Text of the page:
Thames Reach comment on new rough sleeping figures
Our reflections on the annual CHAIN statistics on rough sleeping in London
Every year, the Greater London Authority (GLA) release statistics on rough sleeping in order to understand the reality of street homelessness in London, as well as to assess which interventions help prevent and respond to street homelessness.
Headlines from the 2021/2022 year include:
– a 24% decrease of people seen sleeping rough from the same period last year: 8,329 from 11,018
– a 32% decrease of people seen sleeping rough for the first time
– 52% of people seen sleeping rough were from the UK, with 22% being from Central and Eastern European countries
– 50% of people sleeping rough had a mental health support need
– 31% had an alcohol support need, and 34% had a drug support need
We are encouraged to see a decrease in numbers of people sleeping rough on London’s streets and support the increased investment into ensuring that an individual’s street homelessness is resolved as quickly and as effectively as possible. We do, however, remain concerned about people with complex and multiple needs, and stress the need to include mental health and drug and alcohol support alongside any accommodation provisions. These needs being unmet often leads to people returning to the street, as we can see with the statistic that 24% of people seen sleeping rough had been seen on the streets the previous year. Similarly, when an individual sleeps rough for the first time, they become at risk of becoming entrenched and developing further issues and support needs, and prolonging their journey back into suitable accommodation and recovery.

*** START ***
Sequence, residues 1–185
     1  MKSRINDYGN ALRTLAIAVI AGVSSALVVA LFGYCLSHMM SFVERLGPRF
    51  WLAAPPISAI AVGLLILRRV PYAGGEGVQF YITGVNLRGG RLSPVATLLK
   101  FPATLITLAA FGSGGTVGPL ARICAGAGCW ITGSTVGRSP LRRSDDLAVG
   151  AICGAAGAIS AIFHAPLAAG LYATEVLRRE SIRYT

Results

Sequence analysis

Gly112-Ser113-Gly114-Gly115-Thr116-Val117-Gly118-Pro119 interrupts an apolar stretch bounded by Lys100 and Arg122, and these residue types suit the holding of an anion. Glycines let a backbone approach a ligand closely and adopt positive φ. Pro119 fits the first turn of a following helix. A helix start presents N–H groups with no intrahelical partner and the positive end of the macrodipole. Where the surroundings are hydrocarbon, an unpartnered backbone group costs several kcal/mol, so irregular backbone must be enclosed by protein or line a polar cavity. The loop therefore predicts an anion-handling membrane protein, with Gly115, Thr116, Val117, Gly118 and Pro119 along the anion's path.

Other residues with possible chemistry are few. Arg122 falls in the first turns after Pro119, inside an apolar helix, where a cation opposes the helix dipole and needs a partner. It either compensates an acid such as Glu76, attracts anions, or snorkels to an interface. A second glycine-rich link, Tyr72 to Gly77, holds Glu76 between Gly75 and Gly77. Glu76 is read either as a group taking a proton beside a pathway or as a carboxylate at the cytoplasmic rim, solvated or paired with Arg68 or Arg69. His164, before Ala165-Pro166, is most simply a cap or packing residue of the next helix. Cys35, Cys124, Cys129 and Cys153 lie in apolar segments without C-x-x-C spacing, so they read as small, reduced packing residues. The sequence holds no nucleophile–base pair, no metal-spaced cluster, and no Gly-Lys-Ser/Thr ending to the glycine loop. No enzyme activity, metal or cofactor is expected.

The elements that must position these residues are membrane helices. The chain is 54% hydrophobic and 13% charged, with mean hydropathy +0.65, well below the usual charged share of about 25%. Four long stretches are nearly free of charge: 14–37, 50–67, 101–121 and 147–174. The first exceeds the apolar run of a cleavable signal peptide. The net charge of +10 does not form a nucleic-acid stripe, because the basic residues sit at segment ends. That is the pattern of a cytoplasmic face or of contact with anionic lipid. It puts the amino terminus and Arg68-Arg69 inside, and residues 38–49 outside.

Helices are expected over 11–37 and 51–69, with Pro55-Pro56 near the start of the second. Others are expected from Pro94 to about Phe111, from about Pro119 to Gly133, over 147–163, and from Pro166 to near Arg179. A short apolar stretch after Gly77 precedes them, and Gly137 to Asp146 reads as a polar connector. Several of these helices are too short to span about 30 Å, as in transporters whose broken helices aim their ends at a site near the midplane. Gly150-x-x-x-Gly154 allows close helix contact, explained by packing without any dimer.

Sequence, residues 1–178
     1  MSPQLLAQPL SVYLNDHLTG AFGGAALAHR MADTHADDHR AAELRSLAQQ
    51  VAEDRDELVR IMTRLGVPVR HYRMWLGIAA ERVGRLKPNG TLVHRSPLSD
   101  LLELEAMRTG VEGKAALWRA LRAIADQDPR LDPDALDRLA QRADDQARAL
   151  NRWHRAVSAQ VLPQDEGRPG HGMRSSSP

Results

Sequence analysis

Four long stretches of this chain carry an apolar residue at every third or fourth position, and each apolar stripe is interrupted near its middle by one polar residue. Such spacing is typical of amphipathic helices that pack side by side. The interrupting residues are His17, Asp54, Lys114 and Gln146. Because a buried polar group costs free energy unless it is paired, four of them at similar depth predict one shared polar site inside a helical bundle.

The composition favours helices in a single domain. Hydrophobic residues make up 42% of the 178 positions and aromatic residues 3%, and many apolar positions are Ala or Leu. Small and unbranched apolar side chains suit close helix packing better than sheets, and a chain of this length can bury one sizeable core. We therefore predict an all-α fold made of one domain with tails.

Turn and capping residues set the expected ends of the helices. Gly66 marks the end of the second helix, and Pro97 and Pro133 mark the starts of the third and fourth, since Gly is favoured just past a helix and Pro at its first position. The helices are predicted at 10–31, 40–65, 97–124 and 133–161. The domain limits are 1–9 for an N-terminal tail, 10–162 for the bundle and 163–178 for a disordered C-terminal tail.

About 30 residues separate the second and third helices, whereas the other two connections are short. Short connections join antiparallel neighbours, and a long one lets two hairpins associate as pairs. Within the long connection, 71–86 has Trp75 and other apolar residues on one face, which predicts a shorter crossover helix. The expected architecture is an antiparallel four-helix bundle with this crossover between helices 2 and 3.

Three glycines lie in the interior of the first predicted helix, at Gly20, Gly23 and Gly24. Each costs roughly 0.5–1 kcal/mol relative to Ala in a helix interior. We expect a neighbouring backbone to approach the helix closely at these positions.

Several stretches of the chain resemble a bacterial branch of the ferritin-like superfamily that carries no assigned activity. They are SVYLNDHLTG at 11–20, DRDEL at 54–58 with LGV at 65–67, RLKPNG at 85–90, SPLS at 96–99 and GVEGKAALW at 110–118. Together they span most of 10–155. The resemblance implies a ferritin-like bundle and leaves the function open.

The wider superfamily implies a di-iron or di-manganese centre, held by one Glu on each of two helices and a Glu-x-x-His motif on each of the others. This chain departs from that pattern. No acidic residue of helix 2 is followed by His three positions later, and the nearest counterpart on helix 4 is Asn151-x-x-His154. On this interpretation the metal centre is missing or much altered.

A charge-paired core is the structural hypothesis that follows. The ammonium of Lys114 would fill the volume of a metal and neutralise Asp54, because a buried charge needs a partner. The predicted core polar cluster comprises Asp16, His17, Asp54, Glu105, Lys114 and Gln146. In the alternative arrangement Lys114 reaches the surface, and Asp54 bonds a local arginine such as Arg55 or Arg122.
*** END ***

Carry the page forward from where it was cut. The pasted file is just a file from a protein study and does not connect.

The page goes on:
Finally, while numbers are decreasing, the percentage of non-UK nationals among the total number of people sleeping rough has remained the same. We work with people to obtain their immigration status, as well as discussing sensible options to help them off the street that involve connections they may already have. With no recourse to public funding, ultimately options are limited, which makes it harder to provide support to this group of people, who largely come from Central and Eastern European countries.